On May 23, 2023, the U.S. Centers for Medicare & Medicaid Services (CMS) issued a proposed rule that addresses a variety of important drug pricing matters under the Medicaid Drug Rebate Program (MDRP). Among other provisions, the proposed rule, if finalized, would potentially affect participating manufacturers by (i) revising CMS’s prior guidance and requiring manufacturers to “stack” cumulative price concessions provided to different entities when determining Best Price (BP); (ii) authorizing the Secretary of the Department of Health and Human Services (HHS) to identify certain high-cost drugs that would be subject to potential CMS information requests for pricing, production cost, and utilization data; and (iii) addressing certain “misclassification” considerations for purposes of rebate calculations.

The proposals are part of CMS’s efforts to lower prescription drug costs and reduce the government’s expenditures for prescription drugs under the MDRP, but they create significant risk to manufacturers and may have an adverse impact on investment and innovation in the pharmaceutical industry. Importantly, the proposals have significant enforcement implications, both under the MDRP and under the 340B Program.

Comments are due by July 25, 2023. Aspects of the proposed rule, if finalized, are likely subject to legal challenge.

Stacking of Cumulative Discounts to Different Entities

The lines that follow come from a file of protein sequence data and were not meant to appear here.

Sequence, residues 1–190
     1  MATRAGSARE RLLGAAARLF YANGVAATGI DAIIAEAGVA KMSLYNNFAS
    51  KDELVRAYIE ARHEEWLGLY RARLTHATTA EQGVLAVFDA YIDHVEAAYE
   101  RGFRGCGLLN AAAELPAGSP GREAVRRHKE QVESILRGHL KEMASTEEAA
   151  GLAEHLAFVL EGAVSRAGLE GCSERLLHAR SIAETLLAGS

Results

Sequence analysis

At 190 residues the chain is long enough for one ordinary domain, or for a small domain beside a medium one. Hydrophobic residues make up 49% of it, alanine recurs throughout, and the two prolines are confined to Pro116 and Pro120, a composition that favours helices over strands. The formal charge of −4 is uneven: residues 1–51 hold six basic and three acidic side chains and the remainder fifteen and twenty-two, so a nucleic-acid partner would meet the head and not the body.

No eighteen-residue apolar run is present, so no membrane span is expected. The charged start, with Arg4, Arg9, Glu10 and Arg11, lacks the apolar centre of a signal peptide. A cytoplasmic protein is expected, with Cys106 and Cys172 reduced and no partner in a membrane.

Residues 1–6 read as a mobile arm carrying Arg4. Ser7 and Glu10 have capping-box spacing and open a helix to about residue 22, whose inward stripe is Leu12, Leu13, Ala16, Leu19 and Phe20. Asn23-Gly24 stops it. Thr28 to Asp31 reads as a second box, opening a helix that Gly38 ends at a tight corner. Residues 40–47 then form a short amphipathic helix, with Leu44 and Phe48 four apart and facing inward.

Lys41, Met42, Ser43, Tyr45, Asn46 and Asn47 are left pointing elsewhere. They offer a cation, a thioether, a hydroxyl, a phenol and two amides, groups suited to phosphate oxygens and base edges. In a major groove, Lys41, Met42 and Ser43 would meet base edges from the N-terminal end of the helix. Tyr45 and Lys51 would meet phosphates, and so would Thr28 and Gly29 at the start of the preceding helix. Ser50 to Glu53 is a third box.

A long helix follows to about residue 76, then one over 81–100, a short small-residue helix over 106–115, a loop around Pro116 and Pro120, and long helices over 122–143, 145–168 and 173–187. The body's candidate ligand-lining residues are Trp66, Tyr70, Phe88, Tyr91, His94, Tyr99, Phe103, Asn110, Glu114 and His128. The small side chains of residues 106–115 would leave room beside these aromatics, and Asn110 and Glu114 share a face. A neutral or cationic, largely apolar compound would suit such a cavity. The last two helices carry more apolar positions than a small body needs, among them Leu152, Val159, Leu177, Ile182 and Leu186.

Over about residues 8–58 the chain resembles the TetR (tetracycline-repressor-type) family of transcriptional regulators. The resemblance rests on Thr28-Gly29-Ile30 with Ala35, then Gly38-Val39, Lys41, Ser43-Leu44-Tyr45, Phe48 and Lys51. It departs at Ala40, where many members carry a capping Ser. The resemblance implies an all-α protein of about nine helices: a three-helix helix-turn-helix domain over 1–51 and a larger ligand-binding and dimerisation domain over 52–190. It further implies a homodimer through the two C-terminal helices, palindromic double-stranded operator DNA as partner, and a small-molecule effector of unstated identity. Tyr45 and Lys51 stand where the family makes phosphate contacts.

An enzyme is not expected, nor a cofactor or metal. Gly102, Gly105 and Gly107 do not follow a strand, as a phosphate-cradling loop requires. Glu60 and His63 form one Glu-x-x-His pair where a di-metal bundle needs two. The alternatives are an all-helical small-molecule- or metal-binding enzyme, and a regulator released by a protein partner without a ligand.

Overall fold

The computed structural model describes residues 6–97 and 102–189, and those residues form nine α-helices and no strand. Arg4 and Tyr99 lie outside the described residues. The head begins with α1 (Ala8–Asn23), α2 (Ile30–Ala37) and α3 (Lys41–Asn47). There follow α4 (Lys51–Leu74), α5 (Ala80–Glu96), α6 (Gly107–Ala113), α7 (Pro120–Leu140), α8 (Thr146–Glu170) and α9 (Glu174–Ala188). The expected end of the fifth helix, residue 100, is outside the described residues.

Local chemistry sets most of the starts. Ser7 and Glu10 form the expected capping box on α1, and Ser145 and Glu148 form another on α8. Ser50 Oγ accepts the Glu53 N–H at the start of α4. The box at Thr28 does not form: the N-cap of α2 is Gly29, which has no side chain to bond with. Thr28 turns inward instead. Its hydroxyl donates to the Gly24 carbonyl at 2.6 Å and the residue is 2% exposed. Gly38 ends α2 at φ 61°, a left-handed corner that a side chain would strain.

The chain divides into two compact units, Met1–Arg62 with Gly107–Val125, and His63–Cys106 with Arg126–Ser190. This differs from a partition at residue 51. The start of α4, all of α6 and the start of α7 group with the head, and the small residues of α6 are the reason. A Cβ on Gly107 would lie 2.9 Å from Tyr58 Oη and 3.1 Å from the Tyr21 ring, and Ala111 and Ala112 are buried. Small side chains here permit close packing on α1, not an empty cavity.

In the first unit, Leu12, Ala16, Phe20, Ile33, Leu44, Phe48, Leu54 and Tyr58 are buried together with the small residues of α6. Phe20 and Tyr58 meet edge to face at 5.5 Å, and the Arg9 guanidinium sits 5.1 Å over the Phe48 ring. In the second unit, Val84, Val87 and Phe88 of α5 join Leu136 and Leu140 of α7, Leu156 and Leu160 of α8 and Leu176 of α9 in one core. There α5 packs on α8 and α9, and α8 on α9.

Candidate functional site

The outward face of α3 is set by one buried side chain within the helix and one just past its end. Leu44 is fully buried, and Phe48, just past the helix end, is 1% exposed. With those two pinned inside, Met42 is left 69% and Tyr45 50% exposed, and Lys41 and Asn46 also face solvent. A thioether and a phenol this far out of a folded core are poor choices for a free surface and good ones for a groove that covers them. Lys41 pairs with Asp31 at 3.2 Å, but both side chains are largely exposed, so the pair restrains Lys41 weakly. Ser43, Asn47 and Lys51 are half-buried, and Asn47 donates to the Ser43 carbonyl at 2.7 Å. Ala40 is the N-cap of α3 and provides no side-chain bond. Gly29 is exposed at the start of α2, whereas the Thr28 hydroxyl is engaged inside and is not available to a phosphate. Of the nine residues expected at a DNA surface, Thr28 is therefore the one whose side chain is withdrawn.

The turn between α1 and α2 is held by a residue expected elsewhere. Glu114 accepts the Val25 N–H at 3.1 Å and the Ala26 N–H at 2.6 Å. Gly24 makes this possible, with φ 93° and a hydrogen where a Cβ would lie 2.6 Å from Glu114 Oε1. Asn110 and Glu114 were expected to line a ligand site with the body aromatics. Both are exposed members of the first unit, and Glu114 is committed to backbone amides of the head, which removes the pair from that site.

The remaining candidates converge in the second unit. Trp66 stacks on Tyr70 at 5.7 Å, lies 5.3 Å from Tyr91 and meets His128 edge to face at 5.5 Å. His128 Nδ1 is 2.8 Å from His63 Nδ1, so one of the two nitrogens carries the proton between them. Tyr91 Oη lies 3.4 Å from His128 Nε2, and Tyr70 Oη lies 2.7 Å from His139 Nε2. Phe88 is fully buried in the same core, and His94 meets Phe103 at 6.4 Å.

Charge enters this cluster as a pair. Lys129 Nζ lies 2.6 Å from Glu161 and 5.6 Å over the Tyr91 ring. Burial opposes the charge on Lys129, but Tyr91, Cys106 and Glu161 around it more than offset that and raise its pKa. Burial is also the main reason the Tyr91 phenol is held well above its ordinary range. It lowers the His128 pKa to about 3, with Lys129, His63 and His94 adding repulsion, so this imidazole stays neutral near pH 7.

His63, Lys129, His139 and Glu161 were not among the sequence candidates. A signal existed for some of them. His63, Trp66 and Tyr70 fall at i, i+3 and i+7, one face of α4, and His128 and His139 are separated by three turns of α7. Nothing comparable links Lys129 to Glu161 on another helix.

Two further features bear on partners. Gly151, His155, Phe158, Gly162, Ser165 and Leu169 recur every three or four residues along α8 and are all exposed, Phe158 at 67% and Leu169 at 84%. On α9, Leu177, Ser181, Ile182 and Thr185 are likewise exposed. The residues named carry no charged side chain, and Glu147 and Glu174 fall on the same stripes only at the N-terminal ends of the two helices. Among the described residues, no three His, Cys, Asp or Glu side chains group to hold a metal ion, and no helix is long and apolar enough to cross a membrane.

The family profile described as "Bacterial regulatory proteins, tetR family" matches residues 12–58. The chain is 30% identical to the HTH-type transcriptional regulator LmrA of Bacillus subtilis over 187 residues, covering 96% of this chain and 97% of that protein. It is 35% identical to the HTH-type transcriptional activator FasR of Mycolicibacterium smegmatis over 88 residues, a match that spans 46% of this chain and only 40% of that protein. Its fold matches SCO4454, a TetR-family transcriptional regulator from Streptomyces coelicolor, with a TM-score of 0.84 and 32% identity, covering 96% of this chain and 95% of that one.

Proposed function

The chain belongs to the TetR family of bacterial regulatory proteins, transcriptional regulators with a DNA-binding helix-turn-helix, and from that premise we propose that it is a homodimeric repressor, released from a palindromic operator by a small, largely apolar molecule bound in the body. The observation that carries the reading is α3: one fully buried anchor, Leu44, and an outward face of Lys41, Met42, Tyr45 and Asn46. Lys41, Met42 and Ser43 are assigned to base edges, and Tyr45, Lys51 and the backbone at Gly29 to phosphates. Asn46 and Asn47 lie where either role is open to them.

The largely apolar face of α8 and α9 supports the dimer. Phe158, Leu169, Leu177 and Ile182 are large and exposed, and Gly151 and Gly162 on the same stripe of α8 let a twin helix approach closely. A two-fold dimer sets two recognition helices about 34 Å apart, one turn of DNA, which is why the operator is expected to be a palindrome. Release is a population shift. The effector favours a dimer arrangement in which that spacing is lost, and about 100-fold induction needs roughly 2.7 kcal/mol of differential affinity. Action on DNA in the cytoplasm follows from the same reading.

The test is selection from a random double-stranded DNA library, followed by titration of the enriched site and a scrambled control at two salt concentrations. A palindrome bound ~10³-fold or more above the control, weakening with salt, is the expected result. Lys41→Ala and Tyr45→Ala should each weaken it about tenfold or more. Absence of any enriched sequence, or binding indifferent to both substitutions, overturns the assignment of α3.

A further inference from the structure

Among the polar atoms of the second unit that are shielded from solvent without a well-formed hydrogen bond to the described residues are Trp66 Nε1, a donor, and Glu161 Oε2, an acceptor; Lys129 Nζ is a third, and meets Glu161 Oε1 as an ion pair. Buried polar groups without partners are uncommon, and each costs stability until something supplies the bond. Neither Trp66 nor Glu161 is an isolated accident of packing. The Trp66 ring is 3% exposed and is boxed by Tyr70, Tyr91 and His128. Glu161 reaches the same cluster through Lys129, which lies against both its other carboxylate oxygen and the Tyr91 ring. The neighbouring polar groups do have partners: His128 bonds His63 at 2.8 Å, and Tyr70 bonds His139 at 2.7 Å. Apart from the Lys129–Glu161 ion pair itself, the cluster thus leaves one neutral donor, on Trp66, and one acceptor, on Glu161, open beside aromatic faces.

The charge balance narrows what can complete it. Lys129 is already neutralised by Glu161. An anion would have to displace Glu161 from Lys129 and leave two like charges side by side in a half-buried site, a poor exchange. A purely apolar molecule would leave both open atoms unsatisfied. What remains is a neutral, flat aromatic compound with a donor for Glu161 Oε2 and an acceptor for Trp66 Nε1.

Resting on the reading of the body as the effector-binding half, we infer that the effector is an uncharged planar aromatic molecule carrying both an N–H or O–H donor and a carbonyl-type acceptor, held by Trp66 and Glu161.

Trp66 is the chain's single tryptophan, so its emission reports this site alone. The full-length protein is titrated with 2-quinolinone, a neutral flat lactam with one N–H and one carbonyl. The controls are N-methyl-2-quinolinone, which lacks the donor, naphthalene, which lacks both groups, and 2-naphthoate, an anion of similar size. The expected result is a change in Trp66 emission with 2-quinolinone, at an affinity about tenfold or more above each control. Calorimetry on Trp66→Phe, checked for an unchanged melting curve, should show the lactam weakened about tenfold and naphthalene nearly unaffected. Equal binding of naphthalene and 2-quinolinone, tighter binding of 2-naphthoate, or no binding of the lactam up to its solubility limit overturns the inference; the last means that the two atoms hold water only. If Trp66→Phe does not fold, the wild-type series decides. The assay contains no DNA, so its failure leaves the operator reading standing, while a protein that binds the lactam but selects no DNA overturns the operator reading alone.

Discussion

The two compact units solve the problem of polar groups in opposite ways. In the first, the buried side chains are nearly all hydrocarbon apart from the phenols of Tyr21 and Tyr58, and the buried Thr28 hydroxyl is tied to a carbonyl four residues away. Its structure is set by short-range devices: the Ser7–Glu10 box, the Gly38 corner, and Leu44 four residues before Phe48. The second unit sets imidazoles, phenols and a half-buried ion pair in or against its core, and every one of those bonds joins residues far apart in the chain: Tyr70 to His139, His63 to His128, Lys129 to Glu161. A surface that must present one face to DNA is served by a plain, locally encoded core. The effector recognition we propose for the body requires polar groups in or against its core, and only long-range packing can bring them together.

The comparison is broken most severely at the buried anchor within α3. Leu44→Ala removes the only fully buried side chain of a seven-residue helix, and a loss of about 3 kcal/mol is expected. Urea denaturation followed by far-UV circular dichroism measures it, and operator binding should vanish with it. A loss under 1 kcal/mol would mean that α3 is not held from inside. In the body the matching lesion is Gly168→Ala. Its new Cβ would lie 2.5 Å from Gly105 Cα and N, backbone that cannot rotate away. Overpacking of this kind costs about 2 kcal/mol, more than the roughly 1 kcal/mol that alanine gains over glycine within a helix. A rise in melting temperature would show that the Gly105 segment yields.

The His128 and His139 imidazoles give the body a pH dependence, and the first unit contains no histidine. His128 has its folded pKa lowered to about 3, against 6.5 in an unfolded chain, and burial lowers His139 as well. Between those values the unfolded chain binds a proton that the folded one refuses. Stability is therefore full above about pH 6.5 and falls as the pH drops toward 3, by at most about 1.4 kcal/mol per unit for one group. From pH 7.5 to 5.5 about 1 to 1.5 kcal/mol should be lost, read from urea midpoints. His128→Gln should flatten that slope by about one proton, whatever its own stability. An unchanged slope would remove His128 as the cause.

In a stark reversal from prior policy, CMS proposes to amend existing BP regulations to require manufacturers to “stack” cumulative discounts, rebates, or other arrangements “provided to different [BP] eligible entities” for purposes of determining a final BP realized by the manufacturer. Under the MDRP statute, “best price” is defined as “the lowest price available from the manufacturer during the rebate period to any wholesaler, retailer, provider, health maintenance organization, nonprofit entity, or government entity within the United States.”1 Current regulations state that manufacturers must adjust BP “if cumulative discounts, rebates, or other arrangements subsequently adjust the prices available, to the extent that such cumulative discounts, rebates, or other arrangements are not excluded from the determination of best price by statute or regulation.”2 In explaining the proposal, CMS discusses its understanding of United States ex rel. Sheldon v. Allergan Sales, LLC, which concerned the interpretation of CMS’s price concession stacking guidance as set forth in the Medicaid Program, Covered Outpatient Drug Final Rule, 81 Fed. Reg. 5170 (Feb. 1, 2016). Notably, in the preamble to the proposed rule, CMS states that the proposed revision is a “clarifying statement” intended “to remove any potential doubt prospectively” but does not consider manufacturers’ reliance interests in the prior guidance. Manufacturers should carefully evaluate the effect the proposed revision would have in their determination of BP.